Interland bought Trellix last year for more than $12 million. On March 11 Interland closed the former Trellix headquarters in Concord, Mass. and laid off most staff at that office, prompting reports that the entire Trellix unit was shutting down. That's not the case, according to Fabrice Klein, Interland's vice president of strategy and investor relations. "It's a live platform with revenues, so we obviously want to support that," said Klein. "Customers are not going to see any change in service." Numerous ISPs, portals and domain registrars use Trellix Web Express as their private-label site building tool.
Trellix software lets users construct web pages without knowing HTML, making it popular among providers seeking to sell web sites to small business customers. Some private-label customers host Trellix-powered sites on their own server infrastructure, while others outsource the hosting to Interland, according to Klein.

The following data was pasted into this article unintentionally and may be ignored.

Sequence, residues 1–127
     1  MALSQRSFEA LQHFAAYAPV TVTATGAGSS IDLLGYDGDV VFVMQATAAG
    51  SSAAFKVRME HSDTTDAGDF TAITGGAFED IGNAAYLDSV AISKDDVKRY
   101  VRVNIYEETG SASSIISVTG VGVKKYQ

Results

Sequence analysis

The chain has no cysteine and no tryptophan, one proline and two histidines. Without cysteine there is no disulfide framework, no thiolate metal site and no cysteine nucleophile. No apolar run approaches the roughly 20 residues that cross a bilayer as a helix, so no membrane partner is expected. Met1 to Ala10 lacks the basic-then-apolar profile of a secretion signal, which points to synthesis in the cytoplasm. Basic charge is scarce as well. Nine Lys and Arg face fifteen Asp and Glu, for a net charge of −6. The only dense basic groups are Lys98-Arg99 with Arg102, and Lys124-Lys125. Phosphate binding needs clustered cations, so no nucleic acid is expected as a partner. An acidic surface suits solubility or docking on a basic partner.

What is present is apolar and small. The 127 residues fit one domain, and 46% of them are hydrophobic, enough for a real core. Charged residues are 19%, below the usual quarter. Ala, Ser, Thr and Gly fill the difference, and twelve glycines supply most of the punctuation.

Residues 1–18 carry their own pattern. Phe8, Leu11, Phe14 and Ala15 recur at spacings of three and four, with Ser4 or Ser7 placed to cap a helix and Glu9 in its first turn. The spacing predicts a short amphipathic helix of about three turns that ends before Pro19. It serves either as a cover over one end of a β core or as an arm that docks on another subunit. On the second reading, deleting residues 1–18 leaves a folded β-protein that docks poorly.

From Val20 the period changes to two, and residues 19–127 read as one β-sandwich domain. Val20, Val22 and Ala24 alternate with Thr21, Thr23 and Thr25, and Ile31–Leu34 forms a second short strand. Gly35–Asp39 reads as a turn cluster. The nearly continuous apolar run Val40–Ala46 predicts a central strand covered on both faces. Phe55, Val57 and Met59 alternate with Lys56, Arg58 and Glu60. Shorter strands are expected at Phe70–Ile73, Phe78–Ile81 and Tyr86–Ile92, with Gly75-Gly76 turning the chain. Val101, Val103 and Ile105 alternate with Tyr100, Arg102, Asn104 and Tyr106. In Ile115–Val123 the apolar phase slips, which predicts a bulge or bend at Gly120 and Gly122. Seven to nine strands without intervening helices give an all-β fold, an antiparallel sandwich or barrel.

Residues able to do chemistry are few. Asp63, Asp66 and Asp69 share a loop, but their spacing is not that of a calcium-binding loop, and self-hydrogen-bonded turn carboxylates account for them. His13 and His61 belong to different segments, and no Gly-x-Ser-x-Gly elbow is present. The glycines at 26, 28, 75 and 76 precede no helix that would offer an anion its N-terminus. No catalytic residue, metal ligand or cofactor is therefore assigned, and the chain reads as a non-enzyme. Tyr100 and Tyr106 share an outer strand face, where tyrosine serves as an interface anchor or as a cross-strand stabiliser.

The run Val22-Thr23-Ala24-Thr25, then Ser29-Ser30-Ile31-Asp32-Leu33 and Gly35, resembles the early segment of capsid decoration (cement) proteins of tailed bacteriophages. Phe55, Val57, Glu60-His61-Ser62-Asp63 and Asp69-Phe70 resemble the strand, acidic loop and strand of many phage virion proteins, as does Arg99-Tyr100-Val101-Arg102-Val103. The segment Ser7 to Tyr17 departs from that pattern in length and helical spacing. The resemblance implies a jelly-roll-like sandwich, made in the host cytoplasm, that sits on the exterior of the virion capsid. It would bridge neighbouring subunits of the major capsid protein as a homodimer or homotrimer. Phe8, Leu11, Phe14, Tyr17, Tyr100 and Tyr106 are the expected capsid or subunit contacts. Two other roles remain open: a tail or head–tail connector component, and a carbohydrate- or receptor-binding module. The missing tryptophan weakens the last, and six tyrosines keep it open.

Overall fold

Trellix founder and Interland CTO Dan Bricklin resigned his position in February, but called Interland's decision weeks later to shut the Concord office "a sad surprise." Klein said the cuts represented a streamlining of the Trellix operation, which had grown to include more than 100 staffers company-wide, and noted that several members of the original development team will continue with Interland. "When we bought Trellix, what we wanted was the software and expertise of key people who knew the product," said Klein, who added support for Trellix is provided through Interland's Atlanta staff.
Large Trellix customers seem unfazed by the recent confusion. "Interland says they will continue to support the product, so we will continue to use it," said Earthlink spokesman Dave Blumenthal.